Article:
The elephant moved slowly forward and put his trunk through the big metal bars of the enclosure and ever so gently with his trunk he caressed the explorer’s head. The short man smiled. A tear ran down the elephant’s eyes as he continued caressing the explorer.

Then suddenly the elephant wrapped its trunk round the explorer’s neck and started to strangle him tightly until he was blue in the face. Luckily the zoo-keepers managed to free the explorer before he was killed.

Why did the elephant behave this way? You may ask.

The answer is simple.

It was not the same elephant!

And the moral of the story is:  If you're ever in the jungle and you meet an elephant in distress; just ignore him. Chances are you'll never meet again anyway.

OR

Another moral to the story:
 
Not everyone who says he’s a Christian is necessarily so. That's the real elephant in the room.

Not everyone who calls me 'Lord, Lord' will enter the Kingdom of Heaven, but only those who do what my Father in Heaven wants them to do. Matthew 7:21

14 comments:

  1. Whoa! I didn't see that last line coming … but it packs a whammy all the same. Entertaining, as always!

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    1. Thank you Mevely. So glad you enjoyed this post.

      God bless you always.

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  2. Great story and great message! Well written, Victor.

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  3. Now THAT will preach!! Great story!
    Blessings, My Friend!

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    1. Thank you Lulu. Sadly, it is indeed the elephant in the room.

      God bless you, Lulu.

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  4. Oh, wow, Victor, your second moral to the story is so powerful, and took me by surprise! Absolute truth here, my friend.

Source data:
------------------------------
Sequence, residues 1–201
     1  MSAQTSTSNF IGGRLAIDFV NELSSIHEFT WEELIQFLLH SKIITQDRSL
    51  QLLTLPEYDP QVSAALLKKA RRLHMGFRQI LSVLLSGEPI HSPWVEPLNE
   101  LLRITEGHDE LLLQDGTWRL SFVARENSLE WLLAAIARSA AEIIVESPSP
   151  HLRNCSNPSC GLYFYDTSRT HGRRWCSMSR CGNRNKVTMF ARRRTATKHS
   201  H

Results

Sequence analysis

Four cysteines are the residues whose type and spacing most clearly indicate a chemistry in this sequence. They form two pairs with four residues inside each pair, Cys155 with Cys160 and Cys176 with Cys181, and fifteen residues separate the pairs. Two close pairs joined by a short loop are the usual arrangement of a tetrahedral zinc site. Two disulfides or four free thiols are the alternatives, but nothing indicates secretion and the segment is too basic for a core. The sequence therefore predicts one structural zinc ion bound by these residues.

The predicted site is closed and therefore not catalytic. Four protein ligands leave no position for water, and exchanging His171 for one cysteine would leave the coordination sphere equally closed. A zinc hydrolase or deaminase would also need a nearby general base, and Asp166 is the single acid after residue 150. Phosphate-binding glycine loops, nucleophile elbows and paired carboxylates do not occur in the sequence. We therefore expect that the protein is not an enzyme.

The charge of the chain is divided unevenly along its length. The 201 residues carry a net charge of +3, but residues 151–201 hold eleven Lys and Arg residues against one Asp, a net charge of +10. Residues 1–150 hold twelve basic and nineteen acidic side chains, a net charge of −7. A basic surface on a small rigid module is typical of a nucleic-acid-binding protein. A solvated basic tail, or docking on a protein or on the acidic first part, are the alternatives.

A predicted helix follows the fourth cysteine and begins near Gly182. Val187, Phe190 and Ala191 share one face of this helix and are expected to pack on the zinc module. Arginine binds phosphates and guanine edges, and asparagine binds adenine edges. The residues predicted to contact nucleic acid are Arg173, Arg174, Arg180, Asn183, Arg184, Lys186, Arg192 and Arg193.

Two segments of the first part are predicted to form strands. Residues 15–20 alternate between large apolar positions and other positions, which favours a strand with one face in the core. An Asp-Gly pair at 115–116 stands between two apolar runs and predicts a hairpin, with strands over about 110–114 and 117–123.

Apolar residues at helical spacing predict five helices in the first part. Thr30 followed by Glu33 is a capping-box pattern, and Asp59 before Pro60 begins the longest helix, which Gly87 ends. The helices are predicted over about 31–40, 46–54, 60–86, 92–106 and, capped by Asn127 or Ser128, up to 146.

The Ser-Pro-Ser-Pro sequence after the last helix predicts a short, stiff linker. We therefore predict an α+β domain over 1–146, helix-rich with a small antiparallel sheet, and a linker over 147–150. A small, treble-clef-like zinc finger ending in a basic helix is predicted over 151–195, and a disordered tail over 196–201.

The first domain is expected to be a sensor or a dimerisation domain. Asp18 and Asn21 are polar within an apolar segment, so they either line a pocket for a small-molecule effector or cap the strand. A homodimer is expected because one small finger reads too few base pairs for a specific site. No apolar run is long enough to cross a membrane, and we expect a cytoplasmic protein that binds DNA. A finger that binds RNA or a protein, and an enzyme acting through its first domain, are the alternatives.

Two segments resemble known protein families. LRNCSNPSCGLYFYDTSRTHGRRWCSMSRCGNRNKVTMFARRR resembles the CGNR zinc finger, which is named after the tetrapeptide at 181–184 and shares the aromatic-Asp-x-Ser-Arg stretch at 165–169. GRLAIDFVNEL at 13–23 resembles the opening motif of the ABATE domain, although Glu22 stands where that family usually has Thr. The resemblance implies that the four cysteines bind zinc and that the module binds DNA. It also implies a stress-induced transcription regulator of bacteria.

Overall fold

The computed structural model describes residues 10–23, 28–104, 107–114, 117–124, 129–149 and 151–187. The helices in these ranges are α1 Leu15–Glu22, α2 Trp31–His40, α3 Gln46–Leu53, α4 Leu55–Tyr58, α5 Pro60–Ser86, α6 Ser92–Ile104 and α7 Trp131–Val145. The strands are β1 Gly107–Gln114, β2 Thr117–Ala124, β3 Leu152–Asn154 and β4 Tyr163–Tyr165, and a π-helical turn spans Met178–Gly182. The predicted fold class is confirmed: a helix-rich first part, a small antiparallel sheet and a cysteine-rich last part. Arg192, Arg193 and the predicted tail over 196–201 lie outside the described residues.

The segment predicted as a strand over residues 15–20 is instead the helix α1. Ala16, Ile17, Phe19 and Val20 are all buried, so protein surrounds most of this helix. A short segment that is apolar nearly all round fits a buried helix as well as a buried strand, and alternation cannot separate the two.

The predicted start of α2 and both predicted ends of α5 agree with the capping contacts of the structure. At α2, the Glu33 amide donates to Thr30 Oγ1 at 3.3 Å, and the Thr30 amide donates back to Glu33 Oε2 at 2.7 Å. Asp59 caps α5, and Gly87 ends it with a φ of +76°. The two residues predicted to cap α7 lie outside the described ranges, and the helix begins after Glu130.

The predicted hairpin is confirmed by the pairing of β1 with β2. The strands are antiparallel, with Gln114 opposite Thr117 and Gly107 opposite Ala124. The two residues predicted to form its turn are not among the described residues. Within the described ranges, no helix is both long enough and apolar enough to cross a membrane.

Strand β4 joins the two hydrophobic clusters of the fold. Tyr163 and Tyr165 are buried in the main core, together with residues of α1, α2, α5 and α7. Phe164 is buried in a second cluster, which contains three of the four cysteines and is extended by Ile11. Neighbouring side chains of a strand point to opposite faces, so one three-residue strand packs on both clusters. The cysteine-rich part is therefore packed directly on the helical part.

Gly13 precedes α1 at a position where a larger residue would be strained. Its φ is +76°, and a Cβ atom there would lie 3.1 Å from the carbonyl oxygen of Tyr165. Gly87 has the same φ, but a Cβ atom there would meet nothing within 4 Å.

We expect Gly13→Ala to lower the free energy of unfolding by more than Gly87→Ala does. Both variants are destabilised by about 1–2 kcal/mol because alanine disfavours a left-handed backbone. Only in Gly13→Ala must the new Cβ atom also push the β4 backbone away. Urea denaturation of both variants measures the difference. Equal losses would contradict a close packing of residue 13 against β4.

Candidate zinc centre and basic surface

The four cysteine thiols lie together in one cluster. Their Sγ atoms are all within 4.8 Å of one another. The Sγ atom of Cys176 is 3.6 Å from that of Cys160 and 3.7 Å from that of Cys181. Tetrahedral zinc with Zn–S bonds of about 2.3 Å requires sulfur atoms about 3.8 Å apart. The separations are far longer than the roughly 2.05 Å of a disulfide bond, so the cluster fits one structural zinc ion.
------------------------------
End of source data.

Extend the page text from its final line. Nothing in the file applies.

Blessings!

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    1. Thank you Martha. I like to make my readers think with my humourous stories.

      God bless you and your family.

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  5. That was the perfect ending to your story today and it does hit with a mighty punch!

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    1. Thank you Terri for your kindness and support.

      God bless you.

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  6. I did not see that ending coming. I thought for sure it was the same elephant and that he was so thankful to the short guy for his help years before...after all elephant's never forget. No one has said what they never forget but there you have it.

    I do appreciate the morals of your story Victor.

    God Bless

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    1. Jan, it is not true that elephants never forget. I have never received a birthday card from an elephant. So it shows they are as forgetful as everyone else.

      Thank you Jan for your kind words about my writings.

      God bless you.

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  7. Oh, you caught me! Good job.